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Rediff.com  » Movies » Gandhi's Bollywood yatra is funny!

Gandhi's Bollywood yatra is funny!

By Ranjit Shinde
February 25, 2005 18:53 IST
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After prolonged tussles with the censor board, Vijay Ghate's directorial debut Shobhayatra has set on its yatra. The film has garnered much acclaim and praise from various film festivals.

Shobhayatra is a story about people from different walks of life who dress up as freedom fighters for a procession to celebrate 50 years of Independence, organised by a gangster with political ambitions.

Though the people wear masks and use history to hide their complexities, their real personalities show up in every instance.

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The movie shows the past set in contemporary times. The characters play-acting Mahatma Gandhi (Prithivi Sankhala), Subhash Chandra Bose (Vineet Kumar), Jawaharlal Nehru (Denzil Smith), Rani Laxmibai (Divya Dutta), Lokmanya Tilak (Kishor Kadam) and Babu Genu come together for the procession and wait in a warehouse for their cue.

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It is during this wait that their true selves are revealed. One is a lawyer who works for a don, another a businessman who the same don wants bumped off, and the third is a professor involved in an examination racket.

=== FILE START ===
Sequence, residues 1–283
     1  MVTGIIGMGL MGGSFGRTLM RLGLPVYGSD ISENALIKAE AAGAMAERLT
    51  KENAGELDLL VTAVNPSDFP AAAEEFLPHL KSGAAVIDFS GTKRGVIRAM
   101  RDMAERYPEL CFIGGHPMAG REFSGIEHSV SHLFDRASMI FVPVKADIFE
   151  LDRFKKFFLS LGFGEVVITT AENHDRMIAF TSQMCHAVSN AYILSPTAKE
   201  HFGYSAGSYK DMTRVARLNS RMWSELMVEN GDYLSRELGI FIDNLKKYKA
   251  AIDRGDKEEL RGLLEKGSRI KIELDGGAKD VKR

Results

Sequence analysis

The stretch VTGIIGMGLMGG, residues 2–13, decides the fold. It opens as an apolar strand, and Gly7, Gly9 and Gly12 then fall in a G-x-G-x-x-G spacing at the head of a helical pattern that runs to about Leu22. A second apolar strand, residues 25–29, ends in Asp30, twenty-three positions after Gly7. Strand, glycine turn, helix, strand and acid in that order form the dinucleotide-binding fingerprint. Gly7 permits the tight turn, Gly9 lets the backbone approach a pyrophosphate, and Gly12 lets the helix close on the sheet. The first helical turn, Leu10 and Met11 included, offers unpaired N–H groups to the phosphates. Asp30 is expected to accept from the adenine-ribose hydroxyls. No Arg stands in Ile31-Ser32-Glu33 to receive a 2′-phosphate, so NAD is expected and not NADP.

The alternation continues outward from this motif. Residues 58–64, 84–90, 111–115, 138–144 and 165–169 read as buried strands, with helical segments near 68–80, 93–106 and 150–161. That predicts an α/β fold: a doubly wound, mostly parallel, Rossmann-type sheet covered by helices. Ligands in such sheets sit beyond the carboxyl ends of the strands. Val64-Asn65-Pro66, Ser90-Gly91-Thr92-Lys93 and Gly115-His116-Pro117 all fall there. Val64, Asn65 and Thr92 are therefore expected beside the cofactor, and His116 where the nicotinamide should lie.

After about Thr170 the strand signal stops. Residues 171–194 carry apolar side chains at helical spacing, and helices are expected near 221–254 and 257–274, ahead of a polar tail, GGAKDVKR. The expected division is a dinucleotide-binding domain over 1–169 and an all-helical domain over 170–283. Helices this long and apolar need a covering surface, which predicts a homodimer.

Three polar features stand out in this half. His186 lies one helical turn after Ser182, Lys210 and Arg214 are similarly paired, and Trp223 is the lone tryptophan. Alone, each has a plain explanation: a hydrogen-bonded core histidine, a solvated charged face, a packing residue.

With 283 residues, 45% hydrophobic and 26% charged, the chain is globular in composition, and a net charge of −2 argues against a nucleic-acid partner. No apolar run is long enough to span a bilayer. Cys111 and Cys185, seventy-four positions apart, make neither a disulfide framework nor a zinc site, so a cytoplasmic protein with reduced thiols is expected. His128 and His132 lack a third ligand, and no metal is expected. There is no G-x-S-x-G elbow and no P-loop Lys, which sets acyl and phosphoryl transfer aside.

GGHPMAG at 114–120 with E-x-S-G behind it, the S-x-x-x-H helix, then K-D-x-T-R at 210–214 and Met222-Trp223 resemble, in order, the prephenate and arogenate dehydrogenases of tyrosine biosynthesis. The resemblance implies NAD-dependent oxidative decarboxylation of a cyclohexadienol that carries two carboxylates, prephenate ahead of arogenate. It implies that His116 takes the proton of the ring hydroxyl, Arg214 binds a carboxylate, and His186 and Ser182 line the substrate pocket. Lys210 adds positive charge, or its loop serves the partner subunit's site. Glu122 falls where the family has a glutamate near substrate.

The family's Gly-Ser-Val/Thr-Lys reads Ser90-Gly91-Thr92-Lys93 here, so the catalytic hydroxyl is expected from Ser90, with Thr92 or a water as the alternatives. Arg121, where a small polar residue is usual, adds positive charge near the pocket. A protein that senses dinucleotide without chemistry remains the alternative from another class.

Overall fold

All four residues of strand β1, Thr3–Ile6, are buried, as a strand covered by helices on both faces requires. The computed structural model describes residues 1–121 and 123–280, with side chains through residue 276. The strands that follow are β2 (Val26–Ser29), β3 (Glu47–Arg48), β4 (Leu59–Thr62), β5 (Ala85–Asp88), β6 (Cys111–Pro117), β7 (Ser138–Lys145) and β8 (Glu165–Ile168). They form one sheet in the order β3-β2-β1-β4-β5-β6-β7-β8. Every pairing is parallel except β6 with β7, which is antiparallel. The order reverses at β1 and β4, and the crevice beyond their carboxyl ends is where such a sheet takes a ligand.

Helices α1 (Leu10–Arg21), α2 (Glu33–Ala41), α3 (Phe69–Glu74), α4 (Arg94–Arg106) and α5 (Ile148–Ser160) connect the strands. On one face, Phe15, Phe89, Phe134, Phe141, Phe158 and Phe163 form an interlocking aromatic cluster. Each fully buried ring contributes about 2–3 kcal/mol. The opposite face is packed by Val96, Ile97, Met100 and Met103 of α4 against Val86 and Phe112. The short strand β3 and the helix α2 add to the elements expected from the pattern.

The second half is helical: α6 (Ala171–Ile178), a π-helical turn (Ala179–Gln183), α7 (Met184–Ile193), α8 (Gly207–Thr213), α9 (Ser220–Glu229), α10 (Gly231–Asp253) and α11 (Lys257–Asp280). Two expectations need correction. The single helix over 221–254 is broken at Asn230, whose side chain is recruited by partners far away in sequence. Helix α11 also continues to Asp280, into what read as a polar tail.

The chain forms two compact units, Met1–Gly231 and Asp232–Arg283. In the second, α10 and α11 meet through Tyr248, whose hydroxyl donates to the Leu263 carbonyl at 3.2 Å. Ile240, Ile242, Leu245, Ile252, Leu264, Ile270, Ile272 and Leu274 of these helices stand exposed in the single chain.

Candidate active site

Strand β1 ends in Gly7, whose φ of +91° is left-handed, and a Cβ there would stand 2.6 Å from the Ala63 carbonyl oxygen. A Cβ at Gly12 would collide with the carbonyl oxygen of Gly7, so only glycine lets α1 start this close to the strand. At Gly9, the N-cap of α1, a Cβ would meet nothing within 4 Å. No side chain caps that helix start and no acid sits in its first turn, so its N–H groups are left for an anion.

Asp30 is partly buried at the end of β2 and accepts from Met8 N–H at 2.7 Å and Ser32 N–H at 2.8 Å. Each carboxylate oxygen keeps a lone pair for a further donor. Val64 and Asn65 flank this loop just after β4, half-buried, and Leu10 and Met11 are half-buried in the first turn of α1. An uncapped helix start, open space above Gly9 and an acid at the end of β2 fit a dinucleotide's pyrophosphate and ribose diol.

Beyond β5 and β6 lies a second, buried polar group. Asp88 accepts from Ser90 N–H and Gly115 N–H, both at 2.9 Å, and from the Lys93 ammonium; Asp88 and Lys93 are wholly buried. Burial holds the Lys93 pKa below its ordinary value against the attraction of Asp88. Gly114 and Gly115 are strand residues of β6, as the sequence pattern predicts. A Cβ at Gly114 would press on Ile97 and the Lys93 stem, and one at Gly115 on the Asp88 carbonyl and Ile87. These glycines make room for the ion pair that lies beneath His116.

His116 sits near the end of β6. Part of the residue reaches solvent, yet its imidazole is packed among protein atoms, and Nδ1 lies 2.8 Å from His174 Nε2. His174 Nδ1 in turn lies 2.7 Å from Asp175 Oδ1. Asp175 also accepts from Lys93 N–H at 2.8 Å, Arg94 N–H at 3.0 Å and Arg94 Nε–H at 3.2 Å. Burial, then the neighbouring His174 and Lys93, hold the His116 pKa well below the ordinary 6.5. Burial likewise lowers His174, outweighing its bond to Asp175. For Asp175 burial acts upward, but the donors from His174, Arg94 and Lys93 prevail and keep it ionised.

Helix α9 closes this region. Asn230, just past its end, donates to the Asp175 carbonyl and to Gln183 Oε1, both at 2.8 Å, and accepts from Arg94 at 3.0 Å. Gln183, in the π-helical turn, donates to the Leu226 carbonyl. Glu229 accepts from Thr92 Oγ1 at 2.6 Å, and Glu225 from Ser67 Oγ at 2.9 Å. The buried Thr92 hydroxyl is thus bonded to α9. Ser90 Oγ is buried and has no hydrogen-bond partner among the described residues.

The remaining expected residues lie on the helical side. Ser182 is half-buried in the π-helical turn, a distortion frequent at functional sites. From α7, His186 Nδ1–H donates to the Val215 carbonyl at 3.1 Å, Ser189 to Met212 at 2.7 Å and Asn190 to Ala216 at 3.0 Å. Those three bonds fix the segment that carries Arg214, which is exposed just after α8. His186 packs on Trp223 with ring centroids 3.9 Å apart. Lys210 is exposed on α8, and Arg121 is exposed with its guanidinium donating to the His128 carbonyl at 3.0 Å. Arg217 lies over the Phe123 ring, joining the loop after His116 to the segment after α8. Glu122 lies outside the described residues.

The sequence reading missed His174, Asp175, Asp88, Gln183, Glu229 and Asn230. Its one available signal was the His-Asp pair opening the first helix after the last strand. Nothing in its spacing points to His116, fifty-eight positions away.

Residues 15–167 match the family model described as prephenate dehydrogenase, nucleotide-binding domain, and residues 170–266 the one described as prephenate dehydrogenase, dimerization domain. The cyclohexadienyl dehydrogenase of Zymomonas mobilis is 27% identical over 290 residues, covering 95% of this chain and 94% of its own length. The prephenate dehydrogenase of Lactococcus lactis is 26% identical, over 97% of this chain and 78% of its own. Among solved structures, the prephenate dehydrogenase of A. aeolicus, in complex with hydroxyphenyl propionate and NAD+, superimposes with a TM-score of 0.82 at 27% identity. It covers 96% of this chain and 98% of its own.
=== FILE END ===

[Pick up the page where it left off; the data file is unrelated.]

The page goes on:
The characters slip in and out of the historical figures they are supposed to play, drawing a parallel of their real self and the personalities they portray.

Barbie Doll, an American journalist who the characters lust for, acts as a catalyst.

The movie is loaded with irony and black humour. It is a satire that throws light on the relevance of the freedom struggle today -- a chaiwala doesn't recognise Gandhi and a street urchin wonders what Independence Day is, and what its 50th anniversary means.

A symbolic and thought-provoking movie, Shobhayatra is an adaptation of playwright Shafat Khan's Marathi play. Khan has also written the screenplay and dialogues of the film.

Ghate, who has gone overboard with the budget -- the film was initially budgeted at Rs 70 lakh, and has now jumped to Rs 1.5 crore -- has given us a movie rich in humour and subtlety.

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Ranjit Shinde